PITT, George (1721-1803), of Strathfieldsaye, Hants.
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Family and Education
b. 1 May 1721, 1st s. of George Pitt (d. 1745) M.P., of Strathfieldsaye by Mary Louisa, da. of John Bernier; bro. of William Augustus Pitt and nephew of John Pitt of Encombe. educ. Winchester 1731; Magdalen, Oxf. 1737. m. 4 Jan. 1746, Penelope, da. of Sir Henry Atkins, 4th Bt., sis. and h. of Sir Richard Atkins, 6th Bt., 1s. 3da. suc. fa. 1745; cr. Baron Rivers of Strathfieldsaye 20 May 1776; Baron Rivers of Sudeley Castle 16 Mar. 1802, with sp. rem. to bro. William Augustus Pitt.
Groom of the bedchamber 1760-70, envoy to Turin 1761-8; ld. lt. Hants 1780-Mar 1782, ld. of bedchamber Apr. 1782- d.; ld. lt. Dorset 1793- d.
In Dupplin’s list of 1754 George Pitt was classed as a Tory in opposition to the Government; which was the view which he himself took of his position under George II.1 His parliamentary record was undistinguished, and like many country gentlemen he spent a good deal of time during 1757-61 with the militia. In the new reign he wrote to Bute, 30 Nov. 1760:2
I am come to a resolution of entreating that my services may be offered to the King in any post about his Majesty’s person for which I may be thought qualified, without its being of such a nature in point of profit as that I can be suspected of any lucrative views.
He was one of the five Tories introduced into the King’s bedchamber, 4 Dec. 1760. Next he applied for a diplomatic post, and was appointed minister to Turin—‘I am glad’, wrote the King to Bute in August 1761, ‘that my dearest friend thinks George Pitt fit for a foreign employment; he has much more carriage than the generality of people here.’3 When on 21 Oct. George Pitt thanked his kinsman William Pitt, the latter disclaimed any part in it: ‘you owe the satisfaction of your wishes ... to the friendship of Mr. Mackenzie and the favourable disposition of Lord Bute’.4 He arrived in Turin 6 Mar. 1762; left 28 Apr. 1764; ‘George Pitt is coming home from Turin, they say mad’, wrote George Hobart to Andrew Mitchell, 24 June 1763;5 and he never went back. ‘Mr. G. Pitt voted with me whilst I was in the Treasury’, wrote Grenville6 to Halifax, 21 Apr. 1768; nor is he known ever to have voted against any Government under George III, though at times he may have sulked. ‘I am of no club, no party’, he wrote to the King in October 1765, ‘and dare avow the most cordial attachment to your Majesty’s sacred person, independent of every factious connexion.’7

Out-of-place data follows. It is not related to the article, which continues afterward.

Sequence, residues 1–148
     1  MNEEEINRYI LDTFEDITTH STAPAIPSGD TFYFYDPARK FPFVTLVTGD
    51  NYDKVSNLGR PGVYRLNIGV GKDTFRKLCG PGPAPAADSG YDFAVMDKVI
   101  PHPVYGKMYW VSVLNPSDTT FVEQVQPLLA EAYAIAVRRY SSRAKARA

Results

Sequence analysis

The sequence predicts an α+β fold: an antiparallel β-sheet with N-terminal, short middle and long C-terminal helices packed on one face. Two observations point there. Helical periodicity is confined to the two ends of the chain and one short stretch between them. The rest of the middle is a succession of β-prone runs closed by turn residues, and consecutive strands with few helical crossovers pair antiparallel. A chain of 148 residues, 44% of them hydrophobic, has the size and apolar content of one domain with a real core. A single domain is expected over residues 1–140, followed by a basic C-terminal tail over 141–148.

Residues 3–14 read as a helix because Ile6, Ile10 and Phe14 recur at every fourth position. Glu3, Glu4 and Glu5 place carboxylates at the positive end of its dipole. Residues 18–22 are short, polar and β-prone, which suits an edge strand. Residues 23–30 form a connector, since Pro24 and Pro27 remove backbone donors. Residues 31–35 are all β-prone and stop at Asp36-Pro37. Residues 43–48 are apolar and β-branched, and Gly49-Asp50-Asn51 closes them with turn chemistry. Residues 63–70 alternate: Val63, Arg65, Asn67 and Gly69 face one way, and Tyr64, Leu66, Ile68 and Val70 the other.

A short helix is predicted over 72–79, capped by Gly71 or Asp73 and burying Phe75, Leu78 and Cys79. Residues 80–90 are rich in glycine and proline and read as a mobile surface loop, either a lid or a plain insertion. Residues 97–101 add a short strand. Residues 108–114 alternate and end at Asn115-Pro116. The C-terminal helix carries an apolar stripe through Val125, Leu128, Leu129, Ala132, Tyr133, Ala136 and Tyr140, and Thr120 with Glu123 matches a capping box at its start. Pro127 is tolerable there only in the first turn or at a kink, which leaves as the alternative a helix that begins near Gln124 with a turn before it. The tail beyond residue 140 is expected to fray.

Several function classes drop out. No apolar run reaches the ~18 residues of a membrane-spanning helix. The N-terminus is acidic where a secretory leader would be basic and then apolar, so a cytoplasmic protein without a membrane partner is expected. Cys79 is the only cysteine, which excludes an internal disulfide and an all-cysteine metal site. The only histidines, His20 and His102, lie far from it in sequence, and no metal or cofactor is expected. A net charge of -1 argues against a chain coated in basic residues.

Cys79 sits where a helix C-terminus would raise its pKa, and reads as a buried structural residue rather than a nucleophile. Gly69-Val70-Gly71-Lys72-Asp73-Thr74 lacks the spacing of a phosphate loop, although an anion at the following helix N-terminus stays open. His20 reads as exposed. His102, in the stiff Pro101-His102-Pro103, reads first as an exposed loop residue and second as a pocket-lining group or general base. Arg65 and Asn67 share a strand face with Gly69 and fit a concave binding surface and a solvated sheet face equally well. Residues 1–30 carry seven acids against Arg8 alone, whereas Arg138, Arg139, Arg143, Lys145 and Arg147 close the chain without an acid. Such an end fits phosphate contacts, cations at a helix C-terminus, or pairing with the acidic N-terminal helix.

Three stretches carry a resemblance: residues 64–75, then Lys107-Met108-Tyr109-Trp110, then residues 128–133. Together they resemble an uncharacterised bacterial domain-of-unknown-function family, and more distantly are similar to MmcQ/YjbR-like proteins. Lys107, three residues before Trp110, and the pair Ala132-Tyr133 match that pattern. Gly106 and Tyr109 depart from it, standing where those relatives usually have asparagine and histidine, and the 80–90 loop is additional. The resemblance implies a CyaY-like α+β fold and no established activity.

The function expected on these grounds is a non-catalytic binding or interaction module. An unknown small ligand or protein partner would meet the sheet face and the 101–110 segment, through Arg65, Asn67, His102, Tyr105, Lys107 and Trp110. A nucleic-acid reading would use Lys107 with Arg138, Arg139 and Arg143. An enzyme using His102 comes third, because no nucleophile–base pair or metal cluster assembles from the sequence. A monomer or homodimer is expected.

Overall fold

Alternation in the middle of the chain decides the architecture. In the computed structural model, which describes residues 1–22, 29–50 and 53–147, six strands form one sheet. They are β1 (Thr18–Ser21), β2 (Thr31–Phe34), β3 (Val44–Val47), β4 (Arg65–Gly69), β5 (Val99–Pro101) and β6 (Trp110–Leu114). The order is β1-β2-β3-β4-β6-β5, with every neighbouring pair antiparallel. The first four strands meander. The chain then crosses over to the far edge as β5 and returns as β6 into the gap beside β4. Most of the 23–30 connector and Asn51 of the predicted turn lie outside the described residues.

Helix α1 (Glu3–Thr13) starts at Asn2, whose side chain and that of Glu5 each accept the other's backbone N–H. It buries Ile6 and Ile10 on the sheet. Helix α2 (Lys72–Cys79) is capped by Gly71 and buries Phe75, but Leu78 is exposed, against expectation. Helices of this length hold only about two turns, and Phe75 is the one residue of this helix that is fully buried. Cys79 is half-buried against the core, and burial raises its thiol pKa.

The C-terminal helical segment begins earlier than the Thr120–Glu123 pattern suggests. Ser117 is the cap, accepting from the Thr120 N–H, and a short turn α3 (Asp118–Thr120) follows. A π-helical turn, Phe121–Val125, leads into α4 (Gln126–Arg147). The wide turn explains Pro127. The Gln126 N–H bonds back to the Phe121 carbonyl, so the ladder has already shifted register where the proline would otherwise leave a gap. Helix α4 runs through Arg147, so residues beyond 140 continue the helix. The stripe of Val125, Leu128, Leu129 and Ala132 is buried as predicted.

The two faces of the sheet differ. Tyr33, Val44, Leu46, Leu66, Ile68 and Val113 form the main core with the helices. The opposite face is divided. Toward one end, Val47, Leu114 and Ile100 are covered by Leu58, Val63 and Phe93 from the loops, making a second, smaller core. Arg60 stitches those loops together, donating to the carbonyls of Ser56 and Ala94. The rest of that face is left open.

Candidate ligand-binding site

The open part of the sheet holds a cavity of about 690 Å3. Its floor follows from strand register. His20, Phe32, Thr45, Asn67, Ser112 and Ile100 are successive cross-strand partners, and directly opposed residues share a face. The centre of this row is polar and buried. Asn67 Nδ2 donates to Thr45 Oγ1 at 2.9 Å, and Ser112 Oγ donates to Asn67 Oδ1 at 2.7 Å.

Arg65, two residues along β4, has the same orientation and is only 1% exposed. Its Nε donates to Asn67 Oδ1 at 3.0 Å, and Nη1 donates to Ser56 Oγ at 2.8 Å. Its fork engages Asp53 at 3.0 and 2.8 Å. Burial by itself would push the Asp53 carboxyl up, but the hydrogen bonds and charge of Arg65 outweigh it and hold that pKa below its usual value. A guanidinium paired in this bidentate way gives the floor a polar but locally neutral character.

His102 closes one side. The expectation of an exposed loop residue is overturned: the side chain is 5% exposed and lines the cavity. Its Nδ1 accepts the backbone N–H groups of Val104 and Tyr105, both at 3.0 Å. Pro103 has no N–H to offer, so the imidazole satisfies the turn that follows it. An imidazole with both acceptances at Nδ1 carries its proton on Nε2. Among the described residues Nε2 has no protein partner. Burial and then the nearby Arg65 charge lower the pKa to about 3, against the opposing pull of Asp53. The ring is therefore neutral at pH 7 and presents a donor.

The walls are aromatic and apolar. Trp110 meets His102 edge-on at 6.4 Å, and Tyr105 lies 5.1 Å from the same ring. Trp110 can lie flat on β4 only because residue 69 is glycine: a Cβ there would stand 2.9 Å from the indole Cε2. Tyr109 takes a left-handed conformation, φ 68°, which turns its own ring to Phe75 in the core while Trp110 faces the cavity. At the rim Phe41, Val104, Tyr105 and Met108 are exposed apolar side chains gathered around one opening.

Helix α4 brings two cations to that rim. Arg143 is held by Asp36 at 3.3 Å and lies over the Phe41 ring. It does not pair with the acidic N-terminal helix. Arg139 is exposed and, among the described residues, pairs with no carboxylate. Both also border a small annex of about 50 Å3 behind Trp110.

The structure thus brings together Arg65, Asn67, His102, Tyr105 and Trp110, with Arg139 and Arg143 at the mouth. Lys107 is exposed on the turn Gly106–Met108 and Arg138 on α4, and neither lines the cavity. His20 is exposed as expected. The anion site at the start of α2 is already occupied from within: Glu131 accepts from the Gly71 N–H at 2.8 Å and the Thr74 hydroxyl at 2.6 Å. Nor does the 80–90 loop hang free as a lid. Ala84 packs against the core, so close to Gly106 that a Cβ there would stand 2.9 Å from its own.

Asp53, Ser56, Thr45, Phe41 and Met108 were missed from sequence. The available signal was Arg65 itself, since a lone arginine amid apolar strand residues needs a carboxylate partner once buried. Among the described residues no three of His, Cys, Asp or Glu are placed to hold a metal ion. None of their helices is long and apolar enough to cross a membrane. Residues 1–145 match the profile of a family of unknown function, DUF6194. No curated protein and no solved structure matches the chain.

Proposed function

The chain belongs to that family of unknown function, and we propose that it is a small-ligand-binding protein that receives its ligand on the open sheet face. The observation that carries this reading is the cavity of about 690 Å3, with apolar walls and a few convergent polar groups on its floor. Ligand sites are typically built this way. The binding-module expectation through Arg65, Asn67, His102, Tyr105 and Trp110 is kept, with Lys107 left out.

His one ambition, anxiously and relentlessly pursued, was a peerage: the pivot of well-nigh obsessionist endeavours and the subject of long and rambling letters.8 Pitt claimed two baronies in abeyance but, to avoid labour and expense, started in 1761 by applying to the King for a new creation; repeatedly stated to have received the King’s promise of it whenever peerages were created; but to have been overlooked in May 1762, ‘by being employed abroad’. After his return in 1764, he submitted his claim to the baronies in abeyance to the attorney-general, Sir Fletcher Norton, and alleged to have obtained ‘a strong and favourable report’ from him. Next, Pitt applied to Halifax. And after that to Conway and Rockingham; but was advised to submit his claim ‘to the decision of the peers’, which he refused to do; and was finally told ‘that he was to expect nothing but opposition from Administration’. ‘I ... will candidly confess to you’, he wrote to Conway, ‘... that I shall defer setting out for Turin, till I have had the honour of kissing [the King’s] hand for a title’—‘the eyes of all who know me at home, in the county I serve, and at my residence abroad are too much fixed upon this event for me to recede from.’ ‘I have been most disagreeably detained in England by this fruitless application’, he wrote to the King.